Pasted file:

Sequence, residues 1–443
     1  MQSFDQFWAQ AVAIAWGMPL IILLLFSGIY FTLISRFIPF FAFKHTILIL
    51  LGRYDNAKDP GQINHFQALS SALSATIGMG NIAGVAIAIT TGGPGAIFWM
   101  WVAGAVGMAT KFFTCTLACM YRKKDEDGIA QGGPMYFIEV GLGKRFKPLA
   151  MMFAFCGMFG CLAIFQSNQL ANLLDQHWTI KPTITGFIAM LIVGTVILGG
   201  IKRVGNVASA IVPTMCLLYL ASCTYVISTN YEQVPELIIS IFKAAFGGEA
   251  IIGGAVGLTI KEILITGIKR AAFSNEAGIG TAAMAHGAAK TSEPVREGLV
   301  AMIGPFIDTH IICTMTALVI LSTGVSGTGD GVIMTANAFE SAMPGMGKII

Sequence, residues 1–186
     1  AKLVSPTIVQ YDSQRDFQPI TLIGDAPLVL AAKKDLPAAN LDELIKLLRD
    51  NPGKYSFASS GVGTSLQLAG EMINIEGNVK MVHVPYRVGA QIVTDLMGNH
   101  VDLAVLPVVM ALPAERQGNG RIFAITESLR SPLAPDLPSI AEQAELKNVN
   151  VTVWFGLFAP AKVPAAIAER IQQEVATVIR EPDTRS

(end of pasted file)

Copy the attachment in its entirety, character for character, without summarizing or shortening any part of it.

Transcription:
Sequence, residues 1–443
     1  MQSFDQFWAQ AVAIAWGMPL IILLLFSGIY FTLISRFIPF FAFKHTILIL
    51  LGRYDNAKDP GQINHFQALS SALSATIGMG NIAGVAIAIT TGGPGAIFWM
   101  WVAGAVGMAT KFFTCTLACM YRKKDEDGIA QGGPMYFIEV GLGKRFKPLA
   151  MMFAFCGMFG CLAIFQSNQL ANLLDQHWTI KPTITGFIAM LIVGTVILGG
   201  IKRVGNVASA IVPTMCLLYL ASCTYVISTN YEQVPELIIS IFKAAFGGEA
   251  IIGGAVGLTI KEILITGIKR AAFSNEAGIG TAAMAHGAAK TSEPVREGLV
   301  AMIGPFIDTH IICTMTALVI LSTGVSGTGD GVIMTANAFE SAMPGMGKII

Sequence, residues 1–186
     1  AKLVSPTIVQ YDSQRDFQPI TLIGDAPLVL AAKKDLPAAN LDELIKLLRD
    51  NPGKYSFASS GVGTSLQLAG EMINIEGNVK MVHVPYRVGA QIVTDLMGNH
   101  VDLAVLPVVM ALPAERQGNG RIFAITESLR SPLAPDLPSI AEQAELKNVN
   151  VTVWFGLFAP AKVPAAIAER IQQEVATVIR EPDTRS